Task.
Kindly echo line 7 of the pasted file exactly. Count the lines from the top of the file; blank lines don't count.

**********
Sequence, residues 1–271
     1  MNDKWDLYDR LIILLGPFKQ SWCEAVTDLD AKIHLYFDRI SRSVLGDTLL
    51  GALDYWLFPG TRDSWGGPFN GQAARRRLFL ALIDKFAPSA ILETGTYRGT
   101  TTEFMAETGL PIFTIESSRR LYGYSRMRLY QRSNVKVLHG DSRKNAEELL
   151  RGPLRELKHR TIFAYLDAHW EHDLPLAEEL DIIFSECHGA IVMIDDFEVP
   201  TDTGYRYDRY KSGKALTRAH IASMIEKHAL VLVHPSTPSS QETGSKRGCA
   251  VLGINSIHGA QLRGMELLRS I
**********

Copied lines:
   251  VLGINSIHGA QLRGMELLRS I